Oil not expected to pose a health hazard to local communities
LEBANON - Lebanon firefighters and workers from Great River Hydro put absorbent booms across sections of the Connecticut River below the Wilder Dam Friday morning following a large spill of generator lubricating oil that took place overnight inside the "power house" at the hydroelectric generating station on the Vermont side of the dam.
Lebanon Fire Chief Chris Christopoulos said that although the initial spill inside the facility was estimated at between some 400-to-500 gallons of the lubricating product, the actual amount which seeped out into the river was much less.
Great River Hydro spokesman Matthew Cole said Friday afternoon that it appeared between 15 and 20 gallons of the oil had actually reached the Connecticut.
Lebanon Fire Chief Chris Christopoulos (left) watches a containment boom being loaded into a boat
"Because of the nature of the product it floats on water and once it gets stirred around a little bit it'll look more dramatic than it is," the fire chief explained, adding "Once the sun hits it will be gone before you know it."
Lebanon firefighters were notified at 6:20 a.m. after someone walking along the Lyman Bridge on Bridge Street noted a sheen moving downriver and from there crews backtracked and traced the source up to the dam.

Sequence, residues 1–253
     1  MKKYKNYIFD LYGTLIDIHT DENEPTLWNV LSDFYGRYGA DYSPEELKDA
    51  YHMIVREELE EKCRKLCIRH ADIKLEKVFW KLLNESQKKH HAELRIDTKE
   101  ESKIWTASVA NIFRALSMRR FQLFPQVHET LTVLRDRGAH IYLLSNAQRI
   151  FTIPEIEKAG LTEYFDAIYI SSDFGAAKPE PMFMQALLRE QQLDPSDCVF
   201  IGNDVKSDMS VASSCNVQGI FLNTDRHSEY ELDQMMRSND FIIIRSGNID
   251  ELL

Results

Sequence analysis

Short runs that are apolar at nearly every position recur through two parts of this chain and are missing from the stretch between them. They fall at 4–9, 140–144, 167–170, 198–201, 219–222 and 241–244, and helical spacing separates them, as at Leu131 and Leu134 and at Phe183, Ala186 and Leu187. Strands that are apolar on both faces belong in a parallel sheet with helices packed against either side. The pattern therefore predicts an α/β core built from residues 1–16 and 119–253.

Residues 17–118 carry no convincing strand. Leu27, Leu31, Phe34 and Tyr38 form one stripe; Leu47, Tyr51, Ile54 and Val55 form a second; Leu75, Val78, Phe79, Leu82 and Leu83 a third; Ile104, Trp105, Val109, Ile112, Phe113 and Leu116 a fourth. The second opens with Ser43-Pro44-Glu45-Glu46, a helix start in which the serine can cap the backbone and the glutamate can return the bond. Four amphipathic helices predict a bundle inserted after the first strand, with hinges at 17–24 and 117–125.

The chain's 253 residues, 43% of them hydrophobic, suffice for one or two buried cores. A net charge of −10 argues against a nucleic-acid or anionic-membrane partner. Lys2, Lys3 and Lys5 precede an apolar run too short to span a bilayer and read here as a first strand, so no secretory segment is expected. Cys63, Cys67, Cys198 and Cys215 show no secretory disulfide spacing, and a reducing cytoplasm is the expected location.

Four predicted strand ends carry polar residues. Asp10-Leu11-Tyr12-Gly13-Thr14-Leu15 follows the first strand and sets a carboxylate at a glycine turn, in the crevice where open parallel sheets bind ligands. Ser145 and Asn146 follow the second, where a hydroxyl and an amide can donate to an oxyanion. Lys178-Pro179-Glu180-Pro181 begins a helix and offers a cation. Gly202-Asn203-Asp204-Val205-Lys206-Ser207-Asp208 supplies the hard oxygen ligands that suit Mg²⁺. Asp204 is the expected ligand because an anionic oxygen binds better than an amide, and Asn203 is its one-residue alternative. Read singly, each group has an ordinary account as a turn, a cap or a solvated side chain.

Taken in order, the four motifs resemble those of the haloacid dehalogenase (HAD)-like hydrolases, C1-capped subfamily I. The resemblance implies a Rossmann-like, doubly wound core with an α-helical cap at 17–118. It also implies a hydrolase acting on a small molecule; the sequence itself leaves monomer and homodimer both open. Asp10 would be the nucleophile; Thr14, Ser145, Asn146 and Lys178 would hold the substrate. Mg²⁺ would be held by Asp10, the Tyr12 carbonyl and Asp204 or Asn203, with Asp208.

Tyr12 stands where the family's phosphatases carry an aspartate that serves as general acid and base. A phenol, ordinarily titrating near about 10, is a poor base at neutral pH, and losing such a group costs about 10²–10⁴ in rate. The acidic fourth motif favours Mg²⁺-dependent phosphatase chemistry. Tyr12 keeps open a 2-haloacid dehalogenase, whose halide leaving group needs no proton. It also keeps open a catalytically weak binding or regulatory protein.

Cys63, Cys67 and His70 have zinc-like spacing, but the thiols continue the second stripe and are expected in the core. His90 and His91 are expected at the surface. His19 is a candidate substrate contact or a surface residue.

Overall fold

Chief Christopoulos described the clean-up effort on the river itself as largely precautionary in nature, saying the oil would not pose any threat to local water supplies and noting that members of the Windsor Fire Department had checked from the Cornish-Windsor Covered Bridge and had not seen any evidence that the spill had reached that far south.
Technicians from Great River Hydro deployed a "hard boom" beneath the Lyman Bridge which links West Lebanon and White River Junction
"This will be all gone before the day is over. It's likely that most of it will be contained here and they are purposely not releasing water from the dam because they don't want to push it any further down river," the chief said.
Cole, the spokesman for Great River Hydro, said that automated alarms inside the power station first picked up on the problem.
"Late Thursday evening there was an oil leak that was detected inside the station by some of our monitoring systems and crews have been onsite since that discovery controlling and cleaning up the situation," he said, continuing "The majority of the oil was contained by a secondary containment system inside the station but a small amount was released. As of now everything has been repaired and they are looking into what caused it and remedies are being instituted."
Cole said that "state agencies are involved", including the New Hampshire Department of Environmental Services which was sending representatives up from Concord, as well as a private environmental contractor hired by Great River Hydro to help with the cleanup.
"It should all be taken care of today," Cole said, adding, "We just had a great amount of cooperation from the local emergency services."
More hard boom material arriving under the bridge
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